Creating a custom API is a good way of implementing a common interface for multiple people to achieve the same functionality. A good example of this is with the NI-DAQmx driver or with some of the toolkits that can work inside of LabVIEW. These APIs expose some VIs that can be selected by the user to perform the task at hand. These VIs will then call into some other lower-level VIs to help achieve the functionality. Since it may not be necessary that the user know and understand all of the different low-level VIs that are called, it makes the API more intuitive if a limited set of VIs are available to be placed on the block diagram. The developers can then pick the function block for the task they want to complete and save some time by not having to re-create the low-level functionality.
This idea of having some high-level functions exposed to the user for selecting makes the .lvlib library a perfect fit. When using an .lvlib with a number of VIs inside of it, the developer can select which of the VIs will be Public and which ones will be Private. This creates an ideal situation for an API that is being developed because all of the low-level VIs can be included with the Project Library when it is distributed, but they do not have to be exposed to the end user, which could cause the API to be less intuitive. For example, if a custom API is being built to perform a high level task of reading from a particular instrument, some of the lower level functions may be to initialize the task, begin acquiring data, stop acquiring data, and clear the task. By right-clicking on the name of the .lvlib, selecting the Properties option, and then going to the Item Settings tab, all of the VIs in the .lvlib will be shown like in the figures below.
While in this dialog box, the Access Scope of each of the VIs can be set to Public or Private. The high level functions that the user would put on their block diagrams would typically be set to Public while the lower level functions will usually be set to Private. This will make the API more user-friendly and intuitive since the high-level tasks will be what the user focuses on.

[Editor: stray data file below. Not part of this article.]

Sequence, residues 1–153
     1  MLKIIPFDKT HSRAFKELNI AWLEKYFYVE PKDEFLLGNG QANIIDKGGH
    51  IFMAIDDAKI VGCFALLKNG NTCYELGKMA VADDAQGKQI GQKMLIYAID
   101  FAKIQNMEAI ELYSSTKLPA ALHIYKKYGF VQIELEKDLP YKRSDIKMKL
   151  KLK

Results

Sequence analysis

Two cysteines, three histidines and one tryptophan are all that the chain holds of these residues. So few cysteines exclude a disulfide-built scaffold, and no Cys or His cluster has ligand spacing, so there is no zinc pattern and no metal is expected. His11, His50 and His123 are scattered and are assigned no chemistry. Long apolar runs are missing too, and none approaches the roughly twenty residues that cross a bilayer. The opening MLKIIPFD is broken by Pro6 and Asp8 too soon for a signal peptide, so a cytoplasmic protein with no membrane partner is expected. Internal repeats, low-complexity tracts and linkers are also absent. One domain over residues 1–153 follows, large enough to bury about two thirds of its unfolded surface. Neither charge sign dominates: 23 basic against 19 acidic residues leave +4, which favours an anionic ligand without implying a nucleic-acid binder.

When comparing this use of the .lvlib to the possibility of using an .llb, the inability of the .llb to define certain files as Public or Private makes the .lvlib the better candidate for distributing and sharing source code for an API.
Type of project recommendation for a custom API: .lvlib
- Ability to change the access scope of all VIs in the library
- VIs with ‘Public’ scope create a more intuitive and user-friendly library
LabVIEW is a programming language that is often used to communicate with other instruments. When attempting to do this, an instrument driver is often created so that people will be able to talk with the other hardware. When creating the driver, specific VIs can be created to perform functions that the instrument will perform. Some common examples of these functions can be Open a Reference, Close a Reference, Read, Write, etc. These functions are generic and can be applied to a number of different instruments. However, since different instruments will be anticipating slightly different commands, each function will have to be tailored to the instrument it is designed for. This can result in multiple Open, Close, Read, or Write VIs, which could result in a naming conflict.
This creates an ideal situation for using the .lvlib file format. By using the name-spacing functionality of the .lvlib, there can be multiple VIs with the same name in the LabVIEW Project. As long as the VIs are associated with a different .lvlib library, then each Project Library will be able to have its own set of functions that include the same names like Open, Close, Read, or Write. Using a different .lvlib for each instrument driver that is being developed could be an effective way of developing source code to be distributed for multiple instruments. Having a project file organized like the one below will allow for this type of driver development.
The name-spacing can also be easily demonstrated by simply opening a VI that is part of an .lvlib. Looking at the title bar of the front panel of the VI, the name of the .lvlib should be appended to the front of the name of the VI. This visually represents how the VI appears in memory. For example, here is how the title bar appears for Open.vi inside of Instrument A.lvlib.
Type of project recommendation for instrument drivers: .lvlib
- Name-spacing functionality avoids naming conflicts
- Ability to have VIs with the same name for different instruments
Object Oriented Programming